Starting a Promising Firm Didn’t Insulate this Iranian Scientist from Visa Worries

In 2004, Mehdi Yazdanpanah triggered a chemical reaction in a University of Louisville lab that, to his surprise, created tiny, metallic points. Intrigued, he devised a way to form individual needles – microscopic in size, yet conductive and strong, a unique combination that could advance cancer and other microscopic research. “I think,” he told his advisor, “there is a potential here.”

Then he thought: “How stupid am I? I am a foreigner. I don’t know the system. I don’t have money. ”

Yazdanpanah was raised in Sarbisheh, a town of 3,500 in Eastern Iran. His father, a grocer, extolled the value of education and Yazdanpanah received the best his country had to offer, including bachelor’s and master’s degrees in physics. But Yazdanpanah knew the best PhD opportunities were in America.

Days before his scheduled interview in Turkey for an American visa, in 2001, his brother called. “Turn on the TV,” he said. It was September 11th. Five days later, the visa officer “rejected everybody except me and my wife,” Yazdanpanah says. They entered on an F1 student visa.

Mehdi wishes the government would automatically grant green cards to PhDs so that researchers could concentrate on potentially promising work without the “nerve-breaking” fear of deportation.

The couple didn’t plan to stay, “but we found the country very welcoming,” says Yazdanpanah. And they were lucky. Many students must leave the country when their studies are complete, but a university fellowship secured him an H-1B visa for high-skilled professionals. Yazdanpanah is just glad he was here when he realized the potential of his invention in that university lab.

“It’s almost impossible to start a business outside the United States unless you have a rich father, basically, to give you the money,” he says. “It was a no-brainer that here would be a good place to start a business.”

Yazdanpanah received start-up funding from a state economic development program; won nearly $2 million in federal and state grants, including from the National Institutes of Health, the National Science Foundation and the Small Business Administration; and rounded up angel investments and private cash awards.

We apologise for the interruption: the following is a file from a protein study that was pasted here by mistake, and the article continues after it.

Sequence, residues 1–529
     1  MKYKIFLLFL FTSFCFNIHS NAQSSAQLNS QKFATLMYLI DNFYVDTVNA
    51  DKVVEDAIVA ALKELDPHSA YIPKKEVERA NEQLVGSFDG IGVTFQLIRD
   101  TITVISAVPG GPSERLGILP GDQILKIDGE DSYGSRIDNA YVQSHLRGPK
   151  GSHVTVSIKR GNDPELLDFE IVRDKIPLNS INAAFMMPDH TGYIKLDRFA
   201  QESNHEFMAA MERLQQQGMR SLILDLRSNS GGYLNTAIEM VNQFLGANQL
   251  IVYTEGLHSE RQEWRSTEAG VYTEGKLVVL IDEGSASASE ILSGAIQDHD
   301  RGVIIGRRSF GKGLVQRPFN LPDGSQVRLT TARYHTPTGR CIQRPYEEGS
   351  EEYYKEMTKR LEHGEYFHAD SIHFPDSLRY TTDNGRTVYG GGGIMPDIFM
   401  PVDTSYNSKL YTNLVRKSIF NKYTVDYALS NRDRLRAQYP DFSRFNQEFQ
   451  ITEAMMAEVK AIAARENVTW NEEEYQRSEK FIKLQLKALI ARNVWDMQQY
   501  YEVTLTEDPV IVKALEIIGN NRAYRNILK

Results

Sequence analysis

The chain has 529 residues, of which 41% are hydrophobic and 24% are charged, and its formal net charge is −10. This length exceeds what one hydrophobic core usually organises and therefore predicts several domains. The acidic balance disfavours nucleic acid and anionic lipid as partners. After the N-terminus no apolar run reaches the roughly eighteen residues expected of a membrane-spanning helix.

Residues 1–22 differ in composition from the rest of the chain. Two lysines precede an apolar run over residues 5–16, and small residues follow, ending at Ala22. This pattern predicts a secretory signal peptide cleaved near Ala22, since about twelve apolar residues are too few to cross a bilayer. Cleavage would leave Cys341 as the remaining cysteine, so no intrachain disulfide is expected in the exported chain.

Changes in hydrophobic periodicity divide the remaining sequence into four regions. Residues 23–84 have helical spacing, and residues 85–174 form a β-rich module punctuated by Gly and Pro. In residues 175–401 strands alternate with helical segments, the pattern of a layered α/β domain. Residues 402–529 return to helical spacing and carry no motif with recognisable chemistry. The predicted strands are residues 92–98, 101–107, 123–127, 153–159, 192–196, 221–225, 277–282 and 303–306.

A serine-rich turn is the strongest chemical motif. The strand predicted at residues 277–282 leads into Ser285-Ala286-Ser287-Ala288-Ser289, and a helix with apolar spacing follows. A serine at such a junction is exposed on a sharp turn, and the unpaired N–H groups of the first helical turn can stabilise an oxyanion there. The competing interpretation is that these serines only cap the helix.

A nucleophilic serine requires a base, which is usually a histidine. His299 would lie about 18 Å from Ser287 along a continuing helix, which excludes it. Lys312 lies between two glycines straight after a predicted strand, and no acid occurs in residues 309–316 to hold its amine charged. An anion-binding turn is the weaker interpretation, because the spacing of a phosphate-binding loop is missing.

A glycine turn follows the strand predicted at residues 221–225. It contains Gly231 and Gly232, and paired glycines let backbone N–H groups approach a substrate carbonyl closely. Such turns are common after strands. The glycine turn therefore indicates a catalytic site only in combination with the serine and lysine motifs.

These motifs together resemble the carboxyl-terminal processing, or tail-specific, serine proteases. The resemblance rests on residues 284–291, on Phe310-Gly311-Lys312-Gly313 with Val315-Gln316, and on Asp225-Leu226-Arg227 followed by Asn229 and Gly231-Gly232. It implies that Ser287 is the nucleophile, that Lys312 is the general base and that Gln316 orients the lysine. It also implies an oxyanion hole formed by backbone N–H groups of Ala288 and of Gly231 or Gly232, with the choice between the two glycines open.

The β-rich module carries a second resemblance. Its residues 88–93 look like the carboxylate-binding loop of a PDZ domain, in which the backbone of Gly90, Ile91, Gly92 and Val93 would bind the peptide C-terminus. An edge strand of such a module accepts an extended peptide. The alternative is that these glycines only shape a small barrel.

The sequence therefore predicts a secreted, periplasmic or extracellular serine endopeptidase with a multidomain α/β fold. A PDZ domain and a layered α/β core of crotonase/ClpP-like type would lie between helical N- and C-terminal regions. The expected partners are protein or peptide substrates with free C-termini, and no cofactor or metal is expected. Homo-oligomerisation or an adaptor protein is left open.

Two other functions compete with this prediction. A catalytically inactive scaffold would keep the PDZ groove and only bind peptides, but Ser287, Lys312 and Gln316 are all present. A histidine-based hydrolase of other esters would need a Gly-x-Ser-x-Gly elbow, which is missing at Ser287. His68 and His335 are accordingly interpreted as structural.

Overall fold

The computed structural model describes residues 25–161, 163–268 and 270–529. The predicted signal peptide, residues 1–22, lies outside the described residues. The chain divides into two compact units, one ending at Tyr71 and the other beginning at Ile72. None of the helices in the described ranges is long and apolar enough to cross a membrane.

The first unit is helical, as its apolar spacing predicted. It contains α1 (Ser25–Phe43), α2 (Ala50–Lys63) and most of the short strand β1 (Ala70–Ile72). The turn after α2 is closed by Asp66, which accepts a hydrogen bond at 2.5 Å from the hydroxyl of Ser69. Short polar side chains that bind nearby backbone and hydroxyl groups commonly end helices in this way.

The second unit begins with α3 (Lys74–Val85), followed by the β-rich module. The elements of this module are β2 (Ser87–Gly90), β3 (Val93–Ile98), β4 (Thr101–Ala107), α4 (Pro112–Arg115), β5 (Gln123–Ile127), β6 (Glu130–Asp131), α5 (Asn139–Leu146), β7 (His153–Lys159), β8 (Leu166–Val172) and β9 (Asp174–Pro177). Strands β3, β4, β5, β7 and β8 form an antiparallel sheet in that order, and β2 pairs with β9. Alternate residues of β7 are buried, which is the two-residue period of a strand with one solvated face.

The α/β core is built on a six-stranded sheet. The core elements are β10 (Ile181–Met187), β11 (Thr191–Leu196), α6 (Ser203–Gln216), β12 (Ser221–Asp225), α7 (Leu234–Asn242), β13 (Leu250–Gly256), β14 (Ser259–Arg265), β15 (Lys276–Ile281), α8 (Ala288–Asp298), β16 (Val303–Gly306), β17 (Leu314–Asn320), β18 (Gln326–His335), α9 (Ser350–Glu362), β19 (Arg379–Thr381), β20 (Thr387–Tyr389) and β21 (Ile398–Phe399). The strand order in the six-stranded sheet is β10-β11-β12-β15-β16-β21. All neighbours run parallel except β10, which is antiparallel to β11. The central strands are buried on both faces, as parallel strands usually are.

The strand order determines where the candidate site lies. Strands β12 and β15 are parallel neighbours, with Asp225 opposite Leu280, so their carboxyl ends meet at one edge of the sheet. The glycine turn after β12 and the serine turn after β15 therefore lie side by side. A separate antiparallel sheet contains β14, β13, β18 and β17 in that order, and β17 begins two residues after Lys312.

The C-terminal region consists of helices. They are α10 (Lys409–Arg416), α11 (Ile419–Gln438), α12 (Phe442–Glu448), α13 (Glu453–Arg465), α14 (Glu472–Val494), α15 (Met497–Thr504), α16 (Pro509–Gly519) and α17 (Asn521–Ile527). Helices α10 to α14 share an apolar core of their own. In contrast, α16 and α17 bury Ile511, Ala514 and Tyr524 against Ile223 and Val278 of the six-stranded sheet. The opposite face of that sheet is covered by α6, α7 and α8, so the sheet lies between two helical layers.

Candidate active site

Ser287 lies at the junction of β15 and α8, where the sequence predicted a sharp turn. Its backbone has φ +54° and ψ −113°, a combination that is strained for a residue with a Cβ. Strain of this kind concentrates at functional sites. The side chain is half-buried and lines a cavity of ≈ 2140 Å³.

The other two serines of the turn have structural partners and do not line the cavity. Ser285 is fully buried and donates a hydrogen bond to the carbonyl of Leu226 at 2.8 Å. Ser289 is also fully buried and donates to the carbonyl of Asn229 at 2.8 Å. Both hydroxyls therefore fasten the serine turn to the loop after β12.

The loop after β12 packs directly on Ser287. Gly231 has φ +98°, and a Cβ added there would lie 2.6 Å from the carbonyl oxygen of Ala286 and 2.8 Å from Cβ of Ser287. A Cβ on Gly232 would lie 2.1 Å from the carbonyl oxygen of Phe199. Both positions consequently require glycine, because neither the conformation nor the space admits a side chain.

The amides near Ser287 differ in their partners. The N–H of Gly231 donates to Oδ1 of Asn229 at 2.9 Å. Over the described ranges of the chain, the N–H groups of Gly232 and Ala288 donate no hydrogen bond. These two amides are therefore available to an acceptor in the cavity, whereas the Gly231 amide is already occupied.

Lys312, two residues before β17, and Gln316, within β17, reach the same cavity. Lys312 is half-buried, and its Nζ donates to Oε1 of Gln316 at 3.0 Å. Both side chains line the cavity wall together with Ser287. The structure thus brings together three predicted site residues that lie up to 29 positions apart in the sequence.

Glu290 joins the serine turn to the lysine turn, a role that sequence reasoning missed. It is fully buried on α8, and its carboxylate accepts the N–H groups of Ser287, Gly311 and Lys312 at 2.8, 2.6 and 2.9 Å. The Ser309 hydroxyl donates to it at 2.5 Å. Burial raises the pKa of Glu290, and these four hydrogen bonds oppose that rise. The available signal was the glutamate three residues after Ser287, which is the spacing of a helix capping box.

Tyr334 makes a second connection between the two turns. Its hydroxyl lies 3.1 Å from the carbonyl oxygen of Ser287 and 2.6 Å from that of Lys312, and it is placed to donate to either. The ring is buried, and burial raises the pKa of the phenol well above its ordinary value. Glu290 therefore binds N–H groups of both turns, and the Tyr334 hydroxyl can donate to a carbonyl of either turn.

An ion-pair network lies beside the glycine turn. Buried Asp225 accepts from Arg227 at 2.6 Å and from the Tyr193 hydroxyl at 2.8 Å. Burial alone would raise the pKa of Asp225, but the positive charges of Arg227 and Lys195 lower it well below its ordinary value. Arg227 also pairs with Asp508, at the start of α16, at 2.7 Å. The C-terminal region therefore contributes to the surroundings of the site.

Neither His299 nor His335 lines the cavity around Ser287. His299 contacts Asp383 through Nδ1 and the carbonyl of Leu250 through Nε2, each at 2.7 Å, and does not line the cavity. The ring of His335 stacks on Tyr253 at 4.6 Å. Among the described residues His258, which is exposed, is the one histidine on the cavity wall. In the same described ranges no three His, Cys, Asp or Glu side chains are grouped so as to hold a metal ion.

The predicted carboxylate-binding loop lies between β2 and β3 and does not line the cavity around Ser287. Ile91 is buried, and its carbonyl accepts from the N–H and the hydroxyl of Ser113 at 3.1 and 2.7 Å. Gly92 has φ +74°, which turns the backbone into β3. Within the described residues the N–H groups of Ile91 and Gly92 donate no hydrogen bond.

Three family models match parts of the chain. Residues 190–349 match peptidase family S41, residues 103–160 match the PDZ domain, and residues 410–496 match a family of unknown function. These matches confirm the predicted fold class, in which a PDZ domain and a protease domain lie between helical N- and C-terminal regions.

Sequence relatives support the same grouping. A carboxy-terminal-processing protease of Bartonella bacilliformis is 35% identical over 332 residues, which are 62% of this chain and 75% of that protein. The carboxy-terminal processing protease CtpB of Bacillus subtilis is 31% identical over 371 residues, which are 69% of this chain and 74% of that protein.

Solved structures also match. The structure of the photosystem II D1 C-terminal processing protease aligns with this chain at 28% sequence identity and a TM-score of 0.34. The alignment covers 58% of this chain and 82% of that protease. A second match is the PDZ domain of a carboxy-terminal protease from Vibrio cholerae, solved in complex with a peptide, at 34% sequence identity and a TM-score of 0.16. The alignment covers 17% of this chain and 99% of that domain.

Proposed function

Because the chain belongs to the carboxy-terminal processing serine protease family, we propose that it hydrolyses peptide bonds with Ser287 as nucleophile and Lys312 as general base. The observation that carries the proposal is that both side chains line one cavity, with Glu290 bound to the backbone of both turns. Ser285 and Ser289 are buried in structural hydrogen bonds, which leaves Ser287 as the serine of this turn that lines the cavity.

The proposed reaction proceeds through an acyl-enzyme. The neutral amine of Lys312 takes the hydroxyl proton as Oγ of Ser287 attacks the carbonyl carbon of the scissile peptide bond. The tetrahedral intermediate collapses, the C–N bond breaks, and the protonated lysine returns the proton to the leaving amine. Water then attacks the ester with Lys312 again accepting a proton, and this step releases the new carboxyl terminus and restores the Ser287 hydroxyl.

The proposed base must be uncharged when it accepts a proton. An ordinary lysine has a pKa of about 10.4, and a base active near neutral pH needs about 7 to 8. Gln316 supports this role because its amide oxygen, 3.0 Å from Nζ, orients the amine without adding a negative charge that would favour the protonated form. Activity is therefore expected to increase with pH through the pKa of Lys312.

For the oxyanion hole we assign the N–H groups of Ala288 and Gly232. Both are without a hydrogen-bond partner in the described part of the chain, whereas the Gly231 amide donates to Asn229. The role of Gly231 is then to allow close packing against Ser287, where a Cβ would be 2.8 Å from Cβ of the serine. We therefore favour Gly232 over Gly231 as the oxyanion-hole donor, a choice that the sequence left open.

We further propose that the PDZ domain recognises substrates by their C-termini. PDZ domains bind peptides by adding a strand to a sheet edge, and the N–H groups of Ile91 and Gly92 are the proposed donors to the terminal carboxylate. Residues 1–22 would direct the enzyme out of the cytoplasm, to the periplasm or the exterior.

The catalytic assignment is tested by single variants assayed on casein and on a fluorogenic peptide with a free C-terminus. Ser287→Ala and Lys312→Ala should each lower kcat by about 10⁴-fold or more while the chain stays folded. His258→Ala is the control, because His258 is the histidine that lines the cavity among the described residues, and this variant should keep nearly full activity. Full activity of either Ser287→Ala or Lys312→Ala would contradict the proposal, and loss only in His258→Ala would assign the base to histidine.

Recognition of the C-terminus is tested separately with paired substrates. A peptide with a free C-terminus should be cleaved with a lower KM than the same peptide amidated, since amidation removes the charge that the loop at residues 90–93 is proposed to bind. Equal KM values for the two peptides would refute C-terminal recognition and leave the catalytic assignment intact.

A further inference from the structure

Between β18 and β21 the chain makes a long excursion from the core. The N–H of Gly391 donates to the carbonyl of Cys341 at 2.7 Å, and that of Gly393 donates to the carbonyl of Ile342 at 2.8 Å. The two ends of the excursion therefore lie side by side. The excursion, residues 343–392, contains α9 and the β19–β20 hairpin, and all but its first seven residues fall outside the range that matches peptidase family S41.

The money allowed him to buy equipment. NaugaNeedles, founded in 2007, fabricates nano-needles, tiny rods about 1/1000 the thickness of a human hair that can scan, image and penetrate surfaces at an atomic scale. The patented technology is used by hundreds of research groups globally in industries ranging from semi-conductors to medicine. In one of many biomedical applications, a needle can extract DNA from a single cancer cell.

NaugaNeedles variously employs between five and 12 people, plus contractors: half are American-born. More than 60 percent of its $700,000 in annual average sales are made abroad.

“I’m always saying, exporting is the most important,” Yazdanpanah says. “When you sell outside the country you’re bringing money into the country.”

He and his wife became U.S. citizens in 2013. “The United States is one of the best countries for immigration,” says Yazdanpanah. One wish, though: if the government automatically granted green cards to PhDs, then researchers could concentrate on potentially promising work without the “nerve-breaking” fear of deportation.

“It’s always, ‘What if, what if?” he says. “Every day you wake up and wonder if your visa is going to expire.”

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